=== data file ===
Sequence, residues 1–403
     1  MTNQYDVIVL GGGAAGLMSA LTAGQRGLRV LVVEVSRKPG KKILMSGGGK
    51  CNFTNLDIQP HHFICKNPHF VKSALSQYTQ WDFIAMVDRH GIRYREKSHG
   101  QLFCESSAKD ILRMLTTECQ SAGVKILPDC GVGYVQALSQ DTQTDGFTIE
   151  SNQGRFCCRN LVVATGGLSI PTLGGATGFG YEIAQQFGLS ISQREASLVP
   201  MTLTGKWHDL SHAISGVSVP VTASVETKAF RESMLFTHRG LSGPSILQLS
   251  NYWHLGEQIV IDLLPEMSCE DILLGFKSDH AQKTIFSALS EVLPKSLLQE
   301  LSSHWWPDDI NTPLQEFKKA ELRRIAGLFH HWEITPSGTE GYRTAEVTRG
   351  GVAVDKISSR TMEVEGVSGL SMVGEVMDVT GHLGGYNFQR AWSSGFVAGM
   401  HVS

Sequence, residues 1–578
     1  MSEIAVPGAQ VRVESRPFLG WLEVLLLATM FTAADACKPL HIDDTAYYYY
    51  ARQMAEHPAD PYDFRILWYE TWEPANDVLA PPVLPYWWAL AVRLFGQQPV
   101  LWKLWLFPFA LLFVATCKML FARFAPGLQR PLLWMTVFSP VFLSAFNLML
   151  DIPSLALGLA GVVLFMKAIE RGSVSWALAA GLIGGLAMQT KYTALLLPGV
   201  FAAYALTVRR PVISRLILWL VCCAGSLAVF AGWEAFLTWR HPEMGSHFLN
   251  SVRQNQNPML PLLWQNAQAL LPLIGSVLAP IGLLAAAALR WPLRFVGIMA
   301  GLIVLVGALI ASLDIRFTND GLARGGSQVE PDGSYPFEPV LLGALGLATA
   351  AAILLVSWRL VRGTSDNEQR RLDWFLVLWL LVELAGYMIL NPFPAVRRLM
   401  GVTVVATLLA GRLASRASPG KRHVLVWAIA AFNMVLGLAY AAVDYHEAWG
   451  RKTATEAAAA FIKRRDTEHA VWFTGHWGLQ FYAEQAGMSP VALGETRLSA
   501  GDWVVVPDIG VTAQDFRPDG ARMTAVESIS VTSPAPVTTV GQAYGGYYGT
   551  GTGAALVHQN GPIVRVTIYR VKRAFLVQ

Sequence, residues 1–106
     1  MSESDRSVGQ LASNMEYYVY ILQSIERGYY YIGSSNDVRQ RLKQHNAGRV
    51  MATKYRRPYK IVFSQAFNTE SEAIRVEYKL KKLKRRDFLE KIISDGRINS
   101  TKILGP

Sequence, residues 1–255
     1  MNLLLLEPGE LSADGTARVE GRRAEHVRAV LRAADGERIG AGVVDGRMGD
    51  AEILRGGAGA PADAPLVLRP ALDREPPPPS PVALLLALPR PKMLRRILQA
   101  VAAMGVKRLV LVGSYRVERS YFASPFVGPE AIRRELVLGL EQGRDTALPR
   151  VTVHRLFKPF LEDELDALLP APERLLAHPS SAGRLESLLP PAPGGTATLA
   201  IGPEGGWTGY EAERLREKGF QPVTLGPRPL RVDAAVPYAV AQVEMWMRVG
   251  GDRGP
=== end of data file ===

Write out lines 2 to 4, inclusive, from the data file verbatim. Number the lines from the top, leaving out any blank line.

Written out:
     1  MTNQYDVIVL GGGAAGLMSA LTAGQRGLRV LVVEVSRKPG KKILMSGGGK
    51  CNFTNLDIQP HHFICKNPHF VKSALSQYTQ WDFIAMVDRH GIRYREKSHG
   101  QLFCESSAKD ILRMLTTECQ SAGVKILPDC GVGYVQALSQ DTQTDGFTIE